Knowledge mining is Louisiana’s economic future

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Obviously William F. Tate IV, LSU’s semi-new president, is not from here.

Clearly, in the past 10 months since Tate arrived at LSU, he has continually said things that make too much sense. Tate implored Louisiana to think differently, to reinvest, to engage in knowledge, research and technology, writes Activity Report Associate Editor JR Ball at his new opinion piece.

Knowledge leads to research. Research leads to discovery. Discovery leads to new technologies. New technologies lead to new businesses. All this leads to more knowledge and the circle begins again but on a higher plane. It’s a song that Tate can’t stop singing. And he’s right.

The problem is that he’s preaching aspiration in a state that simply hasn’t and isn’t embracing that way of thinking, Ball writes. In Louisiana, life is good if there’s a pickup truck, two shotguns, a bag of crawfish, a winning football team, and a Mardi Gras parade filled with profanity. Everything else is lagniappe.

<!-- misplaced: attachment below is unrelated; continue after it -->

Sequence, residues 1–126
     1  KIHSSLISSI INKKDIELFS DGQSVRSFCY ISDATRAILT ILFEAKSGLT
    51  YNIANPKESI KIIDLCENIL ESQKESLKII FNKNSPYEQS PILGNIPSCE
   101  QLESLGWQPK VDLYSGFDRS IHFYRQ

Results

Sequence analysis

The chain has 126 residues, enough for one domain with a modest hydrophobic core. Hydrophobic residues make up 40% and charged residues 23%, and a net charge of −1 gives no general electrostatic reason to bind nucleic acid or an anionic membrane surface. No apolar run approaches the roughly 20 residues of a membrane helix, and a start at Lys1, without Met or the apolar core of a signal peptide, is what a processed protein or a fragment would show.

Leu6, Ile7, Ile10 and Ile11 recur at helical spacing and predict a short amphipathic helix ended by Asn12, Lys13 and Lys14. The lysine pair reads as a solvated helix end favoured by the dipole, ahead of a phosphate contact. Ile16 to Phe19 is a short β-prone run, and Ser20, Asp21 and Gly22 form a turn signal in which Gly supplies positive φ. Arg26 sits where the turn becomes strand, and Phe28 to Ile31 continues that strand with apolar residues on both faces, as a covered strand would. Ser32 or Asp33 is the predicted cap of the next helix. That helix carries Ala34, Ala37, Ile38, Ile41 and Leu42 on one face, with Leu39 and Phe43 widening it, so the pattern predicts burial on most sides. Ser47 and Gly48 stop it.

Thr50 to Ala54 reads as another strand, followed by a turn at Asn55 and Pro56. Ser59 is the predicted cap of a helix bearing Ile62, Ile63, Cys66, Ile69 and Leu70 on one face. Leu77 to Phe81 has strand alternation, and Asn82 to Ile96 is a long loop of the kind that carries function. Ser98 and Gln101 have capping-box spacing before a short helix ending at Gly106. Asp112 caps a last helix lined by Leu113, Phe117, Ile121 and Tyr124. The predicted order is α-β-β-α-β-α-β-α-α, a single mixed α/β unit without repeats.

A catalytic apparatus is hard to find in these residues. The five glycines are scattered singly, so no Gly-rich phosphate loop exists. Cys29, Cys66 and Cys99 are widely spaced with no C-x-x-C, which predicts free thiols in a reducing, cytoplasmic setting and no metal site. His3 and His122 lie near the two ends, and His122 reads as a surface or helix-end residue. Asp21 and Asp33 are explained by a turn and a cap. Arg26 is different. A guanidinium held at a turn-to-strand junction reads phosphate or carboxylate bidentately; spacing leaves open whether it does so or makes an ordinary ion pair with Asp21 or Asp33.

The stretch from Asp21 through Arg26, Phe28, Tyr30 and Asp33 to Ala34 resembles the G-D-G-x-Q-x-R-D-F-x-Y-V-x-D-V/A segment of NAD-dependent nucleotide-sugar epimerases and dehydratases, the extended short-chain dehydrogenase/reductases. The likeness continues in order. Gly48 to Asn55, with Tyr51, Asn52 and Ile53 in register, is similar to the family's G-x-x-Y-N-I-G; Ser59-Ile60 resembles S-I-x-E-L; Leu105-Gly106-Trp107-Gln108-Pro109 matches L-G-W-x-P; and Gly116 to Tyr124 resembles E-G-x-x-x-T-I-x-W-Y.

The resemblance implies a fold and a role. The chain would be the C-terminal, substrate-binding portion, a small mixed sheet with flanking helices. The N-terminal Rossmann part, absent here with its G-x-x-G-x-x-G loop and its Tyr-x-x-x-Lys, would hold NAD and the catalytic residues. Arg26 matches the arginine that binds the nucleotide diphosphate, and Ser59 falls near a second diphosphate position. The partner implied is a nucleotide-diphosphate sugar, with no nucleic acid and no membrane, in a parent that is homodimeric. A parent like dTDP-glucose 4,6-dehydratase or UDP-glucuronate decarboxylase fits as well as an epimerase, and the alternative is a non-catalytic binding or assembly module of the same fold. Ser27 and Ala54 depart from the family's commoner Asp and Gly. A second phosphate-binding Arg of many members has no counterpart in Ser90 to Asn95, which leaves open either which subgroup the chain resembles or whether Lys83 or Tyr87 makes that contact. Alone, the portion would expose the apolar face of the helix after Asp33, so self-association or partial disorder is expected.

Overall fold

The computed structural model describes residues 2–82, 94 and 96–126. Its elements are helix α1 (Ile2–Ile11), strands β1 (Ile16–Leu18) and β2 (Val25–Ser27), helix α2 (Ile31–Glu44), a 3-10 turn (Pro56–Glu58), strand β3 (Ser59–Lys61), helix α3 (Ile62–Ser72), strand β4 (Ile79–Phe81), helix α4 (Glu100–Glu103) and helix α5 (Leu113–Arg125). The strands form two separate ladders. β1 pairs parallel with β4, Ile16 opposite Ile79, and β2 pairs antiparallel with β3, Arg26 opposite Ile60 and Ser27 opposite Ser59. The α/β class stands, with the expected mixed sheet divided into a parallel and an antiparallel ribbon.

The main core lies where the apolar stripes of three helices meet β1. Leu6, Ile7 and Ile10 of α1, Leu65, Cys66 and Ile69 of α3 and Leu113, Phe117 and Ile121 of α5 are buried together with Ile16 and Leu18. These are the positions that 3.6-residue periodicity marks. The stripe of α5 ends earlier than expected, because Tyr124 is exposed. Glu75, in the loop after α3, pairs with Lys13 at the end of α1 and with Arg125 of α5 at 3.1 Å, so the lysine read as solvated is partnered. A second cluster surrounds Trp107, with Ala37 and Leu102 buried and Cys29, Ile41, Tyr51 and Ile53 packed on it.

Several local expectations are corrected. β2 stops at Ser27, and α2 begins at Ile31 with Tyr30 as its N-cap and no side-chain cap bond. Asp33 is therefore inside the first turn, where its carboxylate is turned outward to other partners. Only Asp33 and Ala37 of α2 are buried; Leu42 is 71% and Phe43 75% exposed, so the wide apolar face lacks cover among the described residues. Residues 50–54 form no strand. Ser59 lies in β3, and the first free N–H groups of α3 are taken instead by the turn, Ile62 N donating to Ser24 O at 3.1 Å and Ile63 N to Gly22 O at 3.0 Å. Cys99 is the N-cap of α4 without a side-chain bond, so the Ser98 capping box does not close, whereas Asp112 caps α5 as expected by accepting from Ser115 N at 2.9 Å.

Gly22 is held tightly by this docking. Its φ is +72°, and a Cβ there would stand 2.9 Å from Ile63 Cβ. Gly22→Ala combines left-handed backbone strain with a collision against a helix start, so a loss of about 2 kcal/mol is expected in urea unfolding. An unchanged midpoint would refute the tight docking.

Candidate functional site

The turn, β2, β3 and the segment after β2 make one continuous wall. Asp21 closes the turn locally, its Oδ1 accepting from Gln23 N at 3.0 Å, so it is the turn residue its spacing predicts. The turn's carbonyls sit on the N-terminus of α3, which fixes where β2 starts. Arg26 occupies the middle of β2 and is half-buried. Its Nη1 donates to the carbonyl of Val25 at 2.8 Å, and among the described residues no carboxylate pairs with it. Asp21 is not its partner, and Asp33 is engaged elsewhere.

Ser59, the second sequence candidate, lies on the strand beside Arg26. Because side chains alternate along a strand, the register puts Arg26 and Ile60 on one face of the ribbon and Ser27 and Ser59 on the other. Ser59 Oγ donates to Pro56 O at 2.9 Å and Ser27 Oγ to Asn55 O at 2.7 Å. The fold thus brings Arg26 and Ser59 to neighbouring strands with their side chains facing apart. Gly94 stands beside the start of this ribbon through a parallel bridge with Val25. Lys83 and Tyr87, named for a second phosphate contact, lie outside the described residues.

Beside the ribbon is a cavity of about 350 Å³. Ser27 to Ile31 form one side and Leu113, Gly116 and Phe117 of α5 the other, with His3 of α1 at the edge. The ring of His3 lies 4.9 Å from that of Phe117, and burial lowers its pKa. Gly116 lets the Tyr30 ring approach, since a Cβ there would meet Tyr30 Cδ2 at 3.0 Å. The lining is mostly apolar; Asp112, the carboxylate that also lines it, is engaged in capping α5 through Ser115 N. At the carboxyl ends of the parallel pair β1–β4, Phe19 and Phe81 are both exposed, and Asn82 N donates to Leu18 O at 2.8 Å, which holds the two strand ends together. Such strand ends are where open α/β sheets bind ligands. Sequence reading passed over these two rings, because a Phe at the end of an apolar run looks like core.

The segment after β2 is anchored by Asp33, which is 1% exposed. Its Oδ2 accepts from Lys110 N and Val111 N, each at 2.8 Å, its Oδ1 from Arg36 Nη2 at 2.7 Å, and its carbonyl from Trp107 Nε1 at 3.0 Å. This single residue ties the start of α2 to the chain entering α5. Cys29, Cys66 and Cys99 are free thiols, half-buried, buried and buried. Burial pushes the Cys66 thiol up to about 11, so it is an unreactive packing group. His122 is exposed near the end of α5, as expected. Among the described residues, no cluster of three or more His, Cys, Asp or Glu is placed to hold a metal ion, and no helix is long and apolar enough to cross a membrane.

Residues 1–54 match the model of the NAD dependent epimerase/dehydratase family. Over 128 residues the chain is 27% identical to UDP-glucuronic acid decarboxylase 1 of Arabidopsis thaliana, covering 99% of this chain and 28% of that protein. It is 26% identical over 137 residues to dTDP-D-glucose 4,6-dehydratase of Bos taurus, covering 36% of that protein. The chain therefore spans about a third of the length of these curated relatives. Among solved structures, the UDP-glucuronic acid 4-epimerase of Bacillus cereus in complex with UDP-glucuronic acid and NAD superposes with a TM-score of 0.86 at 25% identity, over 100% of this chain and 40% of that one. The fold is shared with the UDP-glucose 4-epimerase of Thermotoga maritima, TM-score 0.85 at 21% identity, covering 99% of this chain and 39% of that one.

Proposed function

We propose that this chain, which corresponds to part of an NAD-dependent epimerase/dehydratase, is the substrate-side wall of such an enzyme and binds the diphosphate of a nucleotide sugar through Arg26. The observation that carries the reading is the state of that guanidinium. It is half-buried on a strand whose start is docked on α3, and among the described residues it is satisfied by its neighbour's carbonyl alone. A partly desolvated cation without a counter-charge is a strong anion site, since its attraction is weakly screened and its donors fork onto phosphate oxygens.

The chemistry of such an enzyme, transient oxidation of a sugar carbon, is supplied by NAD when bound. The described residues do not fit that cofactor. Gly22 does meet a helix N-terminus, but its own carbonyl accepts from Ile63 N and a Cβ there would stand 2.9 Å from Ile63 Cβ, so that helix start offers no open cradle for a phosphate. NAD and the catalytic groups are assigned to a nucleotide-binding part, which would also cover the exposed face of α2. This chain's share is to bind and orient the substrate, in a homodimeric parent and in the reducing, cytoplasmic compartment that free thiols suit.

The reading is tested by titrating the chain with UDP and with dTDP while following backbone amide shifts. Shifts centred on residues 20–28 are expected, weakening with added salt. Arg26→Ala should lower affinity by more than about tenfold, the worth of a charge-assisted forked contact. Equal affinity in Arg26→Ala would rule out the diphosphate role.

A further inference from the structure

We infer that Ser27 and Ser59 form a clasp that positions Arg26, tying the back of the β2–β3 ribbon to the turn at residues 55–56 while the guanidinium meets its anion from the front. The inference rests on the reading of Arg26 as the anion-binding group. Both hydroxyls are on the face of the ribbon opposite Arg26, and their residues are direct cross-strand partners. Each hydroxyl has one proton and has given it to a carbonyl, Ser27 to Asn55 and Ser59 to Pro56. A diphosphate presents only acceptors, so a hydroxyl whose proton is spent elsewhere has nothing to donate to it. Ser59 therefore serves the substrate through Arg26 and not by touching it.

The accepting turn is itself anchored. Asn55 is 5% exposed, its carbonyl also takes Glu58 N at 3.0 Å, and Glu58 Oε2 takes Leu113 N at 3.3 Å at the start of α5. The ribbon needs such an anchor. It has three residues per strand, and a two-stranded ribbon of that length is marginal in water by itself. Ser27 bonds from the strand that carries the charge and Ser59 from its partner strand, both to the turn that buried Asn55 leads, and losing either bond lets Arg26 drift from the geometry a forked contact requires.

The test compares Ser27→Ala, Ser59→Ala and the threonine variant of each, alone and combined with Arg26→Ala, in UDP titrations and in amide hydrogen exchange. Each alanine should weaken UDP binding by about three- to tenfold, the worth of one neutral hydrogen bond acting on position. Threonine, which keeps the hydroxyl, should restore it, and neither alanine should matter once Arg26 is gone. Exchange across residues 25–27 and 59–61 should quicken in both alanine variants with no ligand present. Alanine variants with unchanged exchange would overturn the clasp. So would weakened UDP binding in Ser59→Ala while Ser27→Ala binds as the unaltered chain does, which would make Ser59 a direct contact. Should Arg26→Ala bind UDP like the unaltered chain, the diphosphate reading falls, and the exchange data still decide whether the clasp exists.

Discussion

Louisiana suffers from the natural resource curse. This state’s economy has been rooted in extraction since it became a state in 1812. Agriculture, timber and seafood dominated the economy until the early 1900s, when this state sold his soul to the greatest extraction resource of all: oil and gas.

Sucking oil and gas from the ground and then refining it is not the cause of the curse, Ball writes. These things, and the enormous wealth they produce, only facilitate the real problem – the hubris and corruption of government leaders and an absolute lack of vision.

This is why this state has never cared about education. Who needs top-notch knowledge when there’s a lot to live off of Mother Earth? Diversify the economy? What’s up with that?

The LSU president is calling on Louisiana to take diversification seriously by leveraging its long-ignored academic and research institutions. This is not a plea for increased general spending, but targeted investments in research that lead to economic growth, and he is right, Ball writes.

Read Ball’s full column in the latest edition of Activity Report. Send feedback to [email protected]

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